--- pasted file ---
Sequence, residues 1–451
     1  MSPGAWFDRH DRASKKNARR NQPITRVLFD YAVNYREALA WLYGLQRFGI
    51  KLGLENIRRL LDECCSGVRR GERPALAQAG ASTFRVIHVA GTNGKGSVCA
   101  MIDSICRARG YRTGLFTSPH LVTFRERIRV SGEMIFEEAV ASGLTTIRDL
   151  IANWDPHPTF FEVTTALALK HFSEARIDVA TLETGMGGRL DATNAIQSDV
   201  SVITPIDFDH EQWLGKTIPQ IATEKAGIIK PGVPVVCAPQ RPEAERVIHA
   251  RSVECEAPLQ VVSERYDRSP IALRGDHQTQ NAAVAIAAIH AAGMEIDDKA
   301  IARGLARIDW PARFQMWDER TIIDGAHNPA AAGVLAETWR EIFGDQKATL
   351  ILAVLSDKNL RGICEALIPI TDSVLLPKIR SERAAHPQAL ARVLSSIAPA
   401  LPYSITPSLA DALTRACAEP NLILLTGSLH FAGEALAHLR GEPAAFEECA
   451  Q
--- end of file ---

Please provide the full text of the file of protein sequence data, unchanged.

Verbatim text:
Sequence, residues 1–451
     1  MSPGAWFDRH DRASKKNARR NQPITRVLFD YAVNYREALA WLYGLQRFGI
    51  KLGLENIRRL LDECCSGVRR GERPALAQAG ASTFRVIHVA GTNGKGSVCA
   101  MIDSICRARG YRTGLFTSPH LVTFRERIRV SGEMIFEEAV ASGLTTIRDL
   151  IANWDPHPTF FEVTTALALK HFSEARIDVA TLETGMGGRL DATNAIQSDV
   201  SVITPIDFDH EQWLGKTIPQ IATEKAGIIK PGVPVVCAPQ RPEAERVIHA
   251  RSVECEAPLQ VVSERYDRSP IALRGDHQTQ NAAVAIAAIH AAGMEIDDKA
   301  IARGLARIDW PARFQMWDER TIIDGAHNPA AAGVLAETWR EIFGDQKATL
   351  ILAVLSDKNL RGICEALIPI TDSVLLPKIR SERAAHPQAL ARVLSSIAPA
   401  LPYSITPSLA DALTRACAEP NLILLTGSLH FAGEALAHLR GEPAAFEECA
   451  Q